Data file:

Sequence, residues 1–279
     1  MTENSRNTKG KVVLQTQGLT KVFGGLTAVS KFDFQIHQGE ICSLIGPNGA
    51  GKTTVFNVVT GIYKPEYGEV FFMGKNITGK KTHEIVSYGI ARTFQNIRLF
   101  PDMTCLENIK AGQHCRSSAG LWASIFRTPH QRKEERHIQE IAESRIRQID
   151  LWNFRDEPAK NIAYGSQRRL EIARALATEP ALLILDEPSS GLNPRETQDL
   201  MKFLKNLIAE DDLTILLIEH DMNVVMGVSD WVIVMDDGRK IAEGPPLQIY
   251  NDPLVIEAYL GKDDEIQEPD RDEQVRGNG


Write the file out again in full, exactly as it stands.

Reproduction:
Sequence, residues 1–279
     1  MTENSRNTKG KVVLQTQGLT KVFGGLTAVS KFDFQIHQGE ICSLIGPNGA
    51  GKTTVFNVVT GIYKPEYGEV FFMGKNITGK KTHEIVSYGI ARTFQNIRLF
   101  PDMTCLENIK AGQHCRSSAG LWASIFRTPH QRKEERHIQE IAESRIRQID
   151  LWNFRDEPAK NIAYGSQRRL EIARALATEP ALLILDEPSS GLNPRETQDL
   201  MKFLKNLIAE DDLTILLIEH DMNVVMGVSD WVIVMDDGRK IAEGPPLQIY
   251  NDPLVIEAYL GKDDEIQEPD RDEQVRGNG